a type of exercise where one starts in a squatting position with hands resting on the floor then proceeds to kick both legs and feet in a backward and upward kick.
a description of a relationship between a body and the forces acting upon it and the body’s motion in response to these forces.
movements performed without the body traveling through space. Skills performed in place, without appreciable spatial movement. (e.g., bending, stretching, pushing, pulling)
the part of the team play that is designed to score points.
opportunity in a competitive game situation to combine skill practice, tactical understanding, and game play in combination to form one functioning unit.
a court game that uses one, two, or three walls. A small paddle is used to hit the ball off the wall or walls.
Personal space (self-space)
the limited area around an individual that can be used by them.
a racquet sport in which two to four players use wooden paddles to hit a perforated ball over a net.
Pivots and fakes
the act of changing direction by keeping one foot planted on the ground and stepping in various directions with the other foot; to feint a pass or move against the opposition.
an isometric core strength exercise that involves maintaining a difficult position for extended periods of time (e.g., holding the pushup position on the forearms).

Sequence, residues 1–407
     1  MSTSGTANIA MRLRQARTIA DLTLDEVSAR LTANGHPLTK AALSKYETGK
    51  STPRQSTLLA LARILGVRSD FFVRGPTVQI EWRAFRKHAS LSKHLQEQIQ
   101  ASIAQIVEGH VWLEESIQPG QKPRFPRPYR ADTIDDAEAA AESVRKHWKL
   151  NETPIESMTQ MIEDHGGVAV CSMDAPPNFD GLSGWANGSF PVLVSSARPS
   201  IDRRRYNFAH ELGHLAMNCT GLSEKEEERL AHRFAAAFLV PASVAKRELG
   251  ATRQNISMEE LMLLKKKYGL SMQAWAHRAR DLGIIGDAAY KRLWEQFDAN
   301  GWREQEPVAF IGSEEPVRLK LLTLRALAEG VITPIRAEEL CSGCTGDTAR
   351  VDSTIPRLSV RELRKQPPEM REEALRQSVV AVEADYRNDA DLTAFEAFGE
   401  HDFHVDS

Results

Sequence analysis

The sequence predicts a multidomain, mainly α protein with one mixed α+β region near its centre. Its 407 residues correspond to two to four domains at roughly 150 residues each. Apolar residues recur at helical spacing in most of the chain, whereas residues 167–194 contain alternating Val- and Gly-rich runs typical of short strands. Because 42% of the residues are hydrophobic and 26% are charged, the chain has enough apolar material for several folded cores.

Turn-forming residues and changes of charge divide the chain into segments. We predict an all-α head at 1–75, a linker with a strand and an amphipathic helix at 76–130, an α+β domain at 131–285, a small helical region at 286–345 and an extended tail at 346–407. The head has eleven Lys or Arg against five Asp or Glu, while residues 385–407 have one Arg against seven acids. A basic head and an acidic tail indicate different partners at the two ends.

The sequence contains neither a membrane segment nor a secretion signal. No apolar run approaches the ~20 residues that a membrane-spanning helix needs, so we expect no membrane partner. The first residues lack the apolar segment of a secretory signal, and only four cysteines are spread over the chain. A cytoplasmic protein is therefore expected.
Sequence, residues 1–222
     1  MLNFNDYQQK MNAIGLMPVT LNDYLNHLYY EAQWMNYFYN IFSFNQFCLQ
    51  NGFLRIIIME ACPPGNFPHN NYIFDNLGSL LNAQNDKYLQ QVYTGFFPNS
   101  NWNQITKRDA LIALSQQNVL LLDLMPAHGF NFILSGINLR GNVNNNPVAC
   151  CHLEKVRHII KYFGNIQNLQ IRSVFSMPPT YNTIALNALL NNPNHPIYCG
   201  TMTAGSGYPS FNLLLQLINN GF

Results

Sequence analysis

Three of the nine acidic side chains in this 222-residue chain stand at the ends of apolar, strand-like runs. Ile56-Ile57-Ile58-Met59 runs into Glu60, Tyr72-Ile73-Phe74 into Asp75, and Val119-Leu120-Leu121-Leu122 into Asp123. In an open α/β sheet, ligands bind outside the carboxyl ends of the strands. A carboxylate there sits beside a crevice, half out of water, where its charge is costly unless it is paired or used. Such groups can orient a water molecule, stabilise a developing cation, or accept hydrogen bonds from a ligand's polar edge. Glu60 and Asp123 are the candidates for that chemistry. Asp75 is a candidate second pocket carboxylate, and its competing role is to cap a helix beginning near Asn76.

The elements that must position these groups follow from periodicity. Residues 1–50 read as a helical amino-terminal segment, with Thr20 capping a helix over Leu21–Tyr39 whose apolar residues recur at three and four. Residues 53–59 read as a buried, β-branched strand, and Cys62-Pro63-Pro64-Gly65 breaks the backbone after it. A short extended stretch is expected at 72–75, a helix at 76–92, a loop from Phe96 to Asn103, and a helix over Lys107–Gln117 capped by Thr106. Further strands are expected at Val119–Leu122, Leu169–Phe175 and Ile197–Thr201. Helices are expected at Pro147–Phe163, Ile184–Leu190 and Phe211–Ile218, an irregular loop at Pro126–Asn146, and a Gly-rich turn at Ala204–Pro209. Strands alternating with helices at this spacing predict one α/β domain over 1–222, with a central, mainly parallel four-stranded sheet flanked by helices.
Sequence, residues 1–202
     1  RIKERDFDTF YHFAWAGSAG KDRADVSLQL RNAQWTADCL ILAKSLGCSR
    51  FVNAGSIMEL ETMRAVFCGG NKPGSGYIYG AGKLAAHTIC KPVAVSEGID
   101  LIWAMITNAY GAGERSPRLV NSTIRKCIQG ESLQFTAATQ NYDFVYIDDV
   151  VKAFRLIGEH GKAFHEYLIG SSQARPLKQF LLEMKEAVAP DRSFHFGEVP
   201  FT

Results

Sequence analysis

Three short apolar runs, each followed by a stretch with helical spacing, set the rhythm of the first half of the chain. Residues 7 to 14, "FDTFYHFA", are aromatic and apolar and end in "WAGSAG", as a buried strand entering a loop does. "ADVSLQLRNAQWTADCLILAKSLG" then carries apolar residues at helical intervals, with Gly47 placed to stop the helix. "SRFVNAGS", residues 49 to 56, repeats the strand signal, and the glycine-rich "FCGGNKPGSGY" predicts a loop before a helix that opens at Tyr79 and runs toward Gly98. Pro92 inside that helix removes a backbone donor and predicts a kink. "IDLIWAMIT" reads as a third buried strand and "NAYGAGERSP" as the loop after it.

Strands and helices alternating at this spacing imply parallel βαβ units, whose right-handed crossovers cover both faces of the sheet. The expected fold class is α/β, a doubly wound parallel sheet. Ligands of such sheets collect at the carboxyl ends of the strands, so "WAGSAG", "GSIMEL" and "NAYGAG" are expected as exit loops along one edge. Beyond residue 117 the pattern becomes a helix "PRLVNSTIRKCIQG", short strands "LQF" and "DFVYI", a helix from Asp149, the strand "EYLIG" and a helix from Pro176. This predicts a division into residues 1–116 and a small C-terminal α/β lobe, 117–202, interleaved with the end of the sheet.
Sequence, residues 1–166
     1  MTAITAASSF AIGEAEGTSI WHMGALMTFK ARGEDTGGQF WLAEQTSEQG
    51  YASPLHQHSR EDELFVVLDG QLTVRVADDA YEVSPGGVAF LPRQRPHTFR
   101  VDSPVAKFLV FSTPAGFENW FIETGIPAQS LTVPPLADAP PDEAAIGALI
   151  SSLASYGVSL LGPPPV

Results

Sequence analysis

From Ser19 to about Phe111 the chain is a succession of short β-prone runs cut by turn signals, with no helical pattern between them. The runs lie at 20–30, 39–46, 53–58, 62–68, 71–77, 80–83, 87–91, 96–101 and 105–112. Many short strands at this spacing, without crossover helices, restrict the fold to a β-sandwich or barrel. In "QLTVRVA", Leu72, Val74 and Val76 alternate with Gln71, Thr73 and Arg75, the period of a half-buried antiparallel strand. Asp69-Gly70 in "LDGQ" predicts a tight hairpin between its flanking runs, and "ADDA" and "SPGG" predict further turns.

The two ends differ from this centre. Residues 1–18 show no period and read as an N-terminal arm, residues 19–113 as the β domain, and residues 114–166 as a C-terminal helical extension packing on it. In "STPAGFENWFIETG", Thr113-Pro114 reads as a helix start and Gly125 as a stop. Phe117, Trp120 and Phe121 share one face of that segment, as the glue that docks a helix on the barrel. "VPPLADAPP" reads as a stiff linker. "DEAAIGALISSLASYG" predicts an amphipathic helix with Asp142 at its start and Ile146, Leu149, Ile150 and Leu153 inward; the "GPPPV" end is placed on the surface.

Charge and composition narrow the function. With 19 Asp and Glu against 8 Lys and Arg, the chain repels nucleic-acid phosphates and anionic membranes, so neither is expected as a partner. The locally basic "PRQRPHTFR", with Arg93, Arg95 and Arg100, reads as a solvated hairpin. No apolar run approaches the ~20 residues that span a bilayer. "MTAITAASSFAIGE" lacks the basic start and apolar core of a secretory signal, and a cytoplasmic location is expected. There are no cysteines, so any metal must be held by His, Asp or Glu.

Proper body orientation
the player’s non-dominant side faces the pitcher.
Rating of perceived exertion (RPE)
a way of measuring physical activity intensity levels based on one’s own personal experience.
the stance you want to be in when you anticipate your opponent’s to make a move.
Reducing passing angles
using your body and quickness to cut off the direction of the pass.
an activity that places an additional force against the muscle or muscle group.
informing or instructing students regarding the appropriate procedures to insure safety.
when a player calls a self-committed foul or error.
The limited area around an individual that can be used by them.
a piece of equipment or tool that has a short handle. (e.g., paddle ball, pickleball, racquetball)
the player’s non-dominant side faces the pitcher.
activities that help improve performance in motor skills related to games and athletics.
Slap and run
A bunt and run.
tasks and activities designed to practice particular skills.
to move or cause to move suddenly upwards or forwards in a single motion.
To run or go at top speed, especially for a short distance.
skills performed in a closed environment that is predictable and constant (e.g., shooting a free throw).
The techniques and designs Stretching- Slowing reaching to pull muscles longer which are used to improve the probability of success.
Slowing reaching to pull muscles longer.
The base of support involves the relationship between you and the surface you are performing on. It includes the points of contact you have with the surface on which you are performing.
the path followed by an object moving through space.
take place when a player or team transfers from an offensive position to a defensive position or just the opposite.
a sporting game or drill where a wall is used to bounce the ball back to the player.
a period of light activity or gentle skill practice prior to physical exertion and/or motor performance.